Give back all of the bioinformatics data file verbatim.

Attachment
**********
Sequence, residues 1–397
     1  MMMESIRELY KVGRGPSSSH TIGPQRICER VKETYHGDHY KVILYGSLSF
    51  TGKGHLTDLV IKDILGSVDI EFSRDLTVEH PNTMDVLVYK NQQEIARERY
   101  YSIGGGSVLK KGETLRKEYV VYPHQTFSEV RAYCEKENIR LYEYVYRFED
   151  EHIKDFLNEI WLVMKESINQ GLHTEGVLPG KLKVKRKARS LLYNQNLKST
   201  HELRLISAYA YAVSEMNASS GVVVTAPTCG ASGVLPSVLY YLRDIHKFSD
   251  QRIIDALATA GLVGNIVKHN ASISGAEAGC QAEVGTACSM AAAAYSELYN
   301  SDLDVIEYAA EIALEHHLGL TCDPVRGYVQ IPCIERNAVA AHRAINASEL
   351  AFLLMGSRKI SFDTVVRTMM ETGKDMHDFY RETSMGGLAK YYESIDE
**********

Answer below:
Sequence, residues 1–397
     1  MMMESIRELY KVGRGPSSSH TIGPQRICER VKETYHGDHY KVILYGSLSF
    51  TGKGHLTDLV IKDILGSVDI EFSRDLTVEH PNTMDVLVYK NQQEIARERY
   101  YSIGGGSVLK KGETLRKEYV VYPHQTFSEV RAYCEKENIR LYEYVYRFED
   151  EHIKDFLNEI WLVMKESINQ GLHTEGVLPG KLKVKRKARS LLYNQNLKST
   201  HELRLISAYA YAVSEMNASS GVVVTAPTCG ASGVLPSVLY YLRDIHKFSD
   251  QRIIDALATA GLVGNIVKHN ASISGAEAGC QAEVGTACSM AAAAYSELYN
   301  SDLDVIEYAA EIALEHHLGL TCDPVRGYVQ IPCIERNAVA AHRAINASEL
   351  AFLLMGSRKI SFDTVVRTMM ETGKDMHDFY RETSMGGLAK YYESIDE